Typical Indian takeaway meal for one contains enough food for two people

Monday 16 November, 2015. Eating a typical Indian takeaway meal of a starter, main course and pilau rice can contain far more calories than an adult’s total daily requirements and enough food for two people with approximately twice their recommended maximum level of fat and high levels of salt according to a new report by safefood. In addition, some varieties of naan bread contained almost a third of an adult’s total daily calorie requirement. The research by Ulster University is the latest in the Nutrition Takeout Series by safefood looking at popular takeaway foods and helping consumers to make more informed choices when eating.

Of the side dishes surveyed, the average portion of Peshwari Naan bread contains 748 calories while the average portion size of a Chicken Tikka Masala main course contained 1,249 calories. The top three most popular main courses identified were Chicken Tikka Masala, Chicken Korma and Chicken Jalfrezi.

Commenting on the research, Dr Cliodhna Foley-Nolan, Director Human Health & Nutrition with safefood said: 

While traditional meals in India are low in fat, high in fibre and rich in fruit and vegetables, chefs here have adapted their recipes to suit local tastebuds favouring foods high in fat and salt and serving bigger portions. These dishes have become very popular, but the Indian dishes tested in this survey were less than healthy.”

The survey analysed 280 Indian food samples from 36 outlets across the island of Ireland and found:

  • Major differences in the portion size of starters sold, with a five-fold difference among Onion Bhajis and an eight-fold difference in portions of Chicken Pakoras.
  • The average portion of rice contained enough for two people and an average portion of Pilau Rice contained almost 500 calories.
  • Salt levels were considerably high; on average, all starter dishes contained one third of an adult’s total GDA for salt.
  • All main courses tested contained more than half of an adults’ total guideline daily amount of salt (6g).
  • An average portion of Peshwari Naan bread contained significantly more energy, total and saturated fat than plain naan; some samples had as much as 168% of an adults total guideline daily amount for saturated fat.
  • Less than 10% of outlets provided healthier options for their Indian takeaway service.

Ruth Price of Ulster University who carried out the research said: “Ulster University has world-leading expertise in nutrition focused research and in providing advice and guidance that can benefit public health and shape government policy. Information and education are key to good nutrition and helping people to make the best possible choices when it comes to food. Our advice is not that consumers should avoid these takeaway foods, but rather consider consuming them less often and in moderation, by either choosing smaller portions, sharing portions or limiting the added extras such as starters and side orders.”

Indian Main Course Dish

Calories in an average portion

% of Guideline Daily Amount (GDA) of 2000 kcal

Total Fat (g) in an average portion

% of Guideline Daily Amount (GDA) of 70g

Salt (g) in an average portion

% of Guideline Daily Amount (GDA) of 6g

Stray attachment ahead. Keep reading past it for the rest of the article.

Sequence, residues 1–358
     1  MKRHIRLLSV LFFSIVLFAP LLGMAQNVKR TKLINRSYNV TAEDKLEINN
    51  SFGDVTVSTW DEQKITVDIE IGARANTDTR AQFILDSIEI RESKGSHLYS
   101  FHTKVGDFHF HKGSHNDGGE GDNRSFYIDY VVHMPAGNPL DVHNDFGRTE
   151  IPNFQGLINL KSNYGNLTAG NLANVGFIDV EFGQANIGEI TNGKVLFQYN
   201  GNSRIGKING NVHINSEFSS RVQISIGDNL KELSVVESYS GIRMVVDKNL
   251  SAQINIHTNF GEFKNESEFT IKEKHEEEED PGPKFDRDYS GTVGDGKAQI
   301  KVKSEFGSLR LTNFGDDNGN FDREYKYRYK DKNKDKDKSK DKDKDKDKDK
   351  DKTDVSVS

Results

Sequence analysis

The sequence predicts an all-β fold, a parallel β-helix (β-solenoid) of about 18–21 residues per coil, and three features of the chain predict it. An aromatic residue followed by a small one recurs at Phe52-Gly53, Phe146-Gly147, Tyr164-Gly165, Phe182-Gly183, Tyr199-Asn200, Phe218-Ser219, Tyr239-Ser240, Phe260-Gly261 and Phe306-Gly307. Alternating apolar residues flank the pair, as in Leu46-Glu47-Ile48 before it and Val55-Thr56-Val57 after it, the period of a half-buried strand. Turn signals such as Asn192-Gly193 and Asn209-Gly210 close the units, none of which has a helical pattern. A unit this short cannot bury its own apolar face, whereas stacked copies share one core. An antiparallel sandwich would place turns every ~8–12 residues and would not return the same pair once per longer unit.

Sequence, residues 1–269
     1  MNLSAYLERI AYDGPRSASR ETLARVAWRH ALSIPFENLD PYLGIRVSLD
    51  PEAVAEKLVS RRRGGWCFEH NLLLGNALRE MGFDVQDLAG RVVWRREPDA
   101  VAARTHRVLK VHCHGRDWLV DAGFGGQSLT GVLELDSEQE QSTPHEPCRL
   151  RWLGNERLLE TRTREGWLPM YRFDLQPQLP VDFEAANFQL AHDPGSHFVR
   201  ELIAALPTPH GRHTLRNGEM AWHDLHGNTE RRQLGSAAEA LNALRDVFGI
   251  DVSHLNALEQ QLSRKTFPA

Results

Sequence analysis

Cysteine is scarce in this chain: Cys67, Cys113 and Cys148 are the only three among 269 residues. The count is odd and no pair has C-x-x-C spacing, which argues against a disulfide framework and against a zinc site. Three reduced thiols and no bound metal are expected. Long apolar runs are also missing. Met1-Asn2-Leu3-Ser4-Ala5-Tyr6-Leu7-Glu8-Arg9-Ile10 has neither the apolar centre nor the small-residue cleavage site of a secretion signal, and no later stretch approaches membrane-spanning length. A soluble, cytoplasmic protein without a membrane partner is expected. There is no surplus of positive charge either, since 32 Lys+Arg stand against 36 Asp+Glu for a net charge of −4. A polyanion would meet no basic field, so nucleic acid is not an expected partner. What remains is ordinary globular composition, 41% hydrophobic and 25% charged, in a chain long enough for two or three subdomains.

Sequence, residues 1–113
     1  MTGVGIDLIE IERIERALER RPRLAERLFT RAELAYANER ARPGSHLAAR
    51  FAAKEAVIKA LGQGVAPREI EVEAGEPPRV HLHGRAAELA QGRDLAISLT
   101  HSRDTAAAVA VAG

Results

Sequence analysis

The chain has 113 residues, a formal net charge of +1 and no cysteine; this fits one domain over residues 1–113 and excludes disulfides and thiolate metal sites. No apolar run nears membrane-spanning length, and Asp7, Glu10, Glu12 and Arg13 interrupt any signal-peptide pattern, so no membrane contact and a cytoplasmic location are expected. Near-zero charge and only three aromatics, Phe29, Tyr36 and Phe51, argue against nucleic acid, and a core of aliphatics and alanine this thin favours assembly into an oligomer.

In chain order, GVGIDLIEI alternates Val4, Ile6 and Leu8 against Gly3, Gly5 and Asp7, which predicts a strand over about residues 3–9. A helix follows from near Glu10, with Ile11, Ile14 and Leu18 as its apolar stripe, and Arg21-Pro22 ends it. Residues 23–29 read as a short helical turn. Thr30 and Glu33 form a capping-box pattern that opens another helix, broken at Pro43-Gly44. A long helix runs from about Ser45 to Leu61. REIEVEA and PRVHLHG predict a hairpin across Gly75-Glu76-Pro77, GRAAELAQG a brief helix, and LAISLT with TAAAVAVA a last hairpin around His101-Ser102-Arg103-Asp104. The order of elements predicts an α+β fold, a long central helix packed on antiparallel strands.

Chicken Tikka Masala







Chicken Korma







Chicken Jalfrezi







One in five adults report ordering Indian takeaway food recently while one in three people say they order a full main size portion for themselves (safeftrak/Millward Brown 2013).

The research report “What’s in your Indian Takeaway?” compiled by Ulster University which is part of safefood’s Nutrition Takeout Series, is available to download from www.safefood.eu where there are also a range of healthy Indian recipes featured.

- Ends -

For further information please contact Wilson Hartnell

Amy Pilgrim, Tel: 01 669 0030 or Mob: 087 261 3300 or E: amy.pilgrim@ogilvy.com

Emma Walsh, Tel: 01 6690 0030 or Mob: 087 317 0897 or E: emma.walsh@ogilvy.com

Or contact safefood:

Dermot Moriarty, Tel: 01 448 0600 or 086 381 1034 or E: press@safefood.eu

Julie Carroll, Tel: 01 448 0600 or 086 150 3047 or E: press@safefood.eu

Editor's notes

Indian Food survey methodology

The sampling and nutritional analysis of Indian food was conducted among 36 outlets including takeaways and restaurants with a takeaway service in both urban and rural locations. More outlets were sampled in Dublin and Belfast as these had a larger number of outlets than in other locations.  To determine the most popular takeaway foods purchase, 60 establishments (ROI 40 / NI 20) were chosen at random and contacted via telephone. The most popular Indian takeaway foods are shown as follows:

Starter: Onion Bhaji; Chicken Pakora; Chicken Tikka

Main Course: Chicken Tikka Masala; Chicken Korma; Chicken Jalfrezi        

Side dishes: Boiled rice; Pilau Rice; Plain naan; Peshwari Naan;Poppadoms

Consumer survey methodology

safefood/Millward Brown "Safetrak 15" survey of 800 adults on the island of Ireland.

Healthy eating tips for consumers

  • Consider Indian takeaway meals as an occasional food and one portion should ideally be shared between two people.
  • Consider shop-bought options instead of takeaways, as they are generally smaller in size and have fewer calories, as well as less fat and salt.
  • Choose boiled rice over pilau rice and share the portion of rice as the average portion provided enough for two people. Consider not eating both a portion of naan bread and rice, unless they are shared.
  • Avoid nibbling on poppadoms and associated dips – on average one portion of poppadoms contains over 100 calories alone.
  • Dishes labelled deep fried, battered or crispy should be avoided as these are be higher in calories, fat and salt. Items with more vegetables should be ordered where possible.
  • Minimise intake of sauces as they are usually high in calories, fat and salt. Add extra vegetables to your meal instead.